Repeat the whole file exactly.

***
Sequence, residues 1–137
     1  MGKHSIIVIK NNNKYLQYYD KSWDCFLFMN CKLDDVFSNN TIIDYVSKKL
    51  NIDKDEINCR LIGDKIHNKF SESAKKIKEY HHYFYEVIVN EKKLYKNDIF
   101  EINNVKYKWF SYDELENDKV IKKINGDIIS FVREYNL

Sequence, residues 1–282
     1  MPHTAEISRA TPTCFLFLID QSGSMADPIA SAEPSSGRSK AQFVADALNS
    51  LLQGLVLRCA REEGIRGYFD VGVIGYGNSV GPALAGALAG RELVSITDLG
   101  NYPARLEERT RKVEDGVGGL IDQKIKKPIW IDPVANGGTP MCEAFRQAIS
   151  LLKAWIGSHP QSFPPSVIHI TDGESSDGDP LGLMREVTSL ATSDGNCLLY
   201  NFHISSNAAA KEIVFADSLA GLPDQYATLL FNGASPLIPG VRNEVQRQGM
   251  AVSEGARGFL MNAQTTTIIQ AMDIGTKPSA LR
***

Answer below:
Sequence, residues 1–137
     1  MGKHSIIVIK NNNKYLQYYD KSWDCFLFMN CKLDDVFSNN TIIDYVSKKL
    51  NIDKDEINCR LIGDKIHNKF SESAKKIKEY HHYFYEVIVN EKKLYKNDIF
   101  EINNVKYKWF SYDELENDKV IKKINGDIIS FVREYNL

Sequence, residues 1–282
     1  MPHTAEISRA TPTCFLFLID QSGSMADPIA SAEPSSGRSK AQFVADALNS
    51  LLQGLVLRCA REEGIRGYFD VGVIGYGNSV GPALAGALAG RELVSITDLG
   101  NYPARLEERT RKVEDGVGGL IDQKIKKPIW IDPVANGGTP MCEAFRQAIS
   151  LLKAWIGSHP QSFPPSVIHI TDGESSDGDP LGLMREVTSL ATSDGNCLLY
   201  NFHISSNAAA KEIVFADSLA GLPDQYATLL FNGASPLIPG VRNEVQRQGM
   251  AVSEGARGFL MNAQTTTIIQ AMDIGTKPSA LR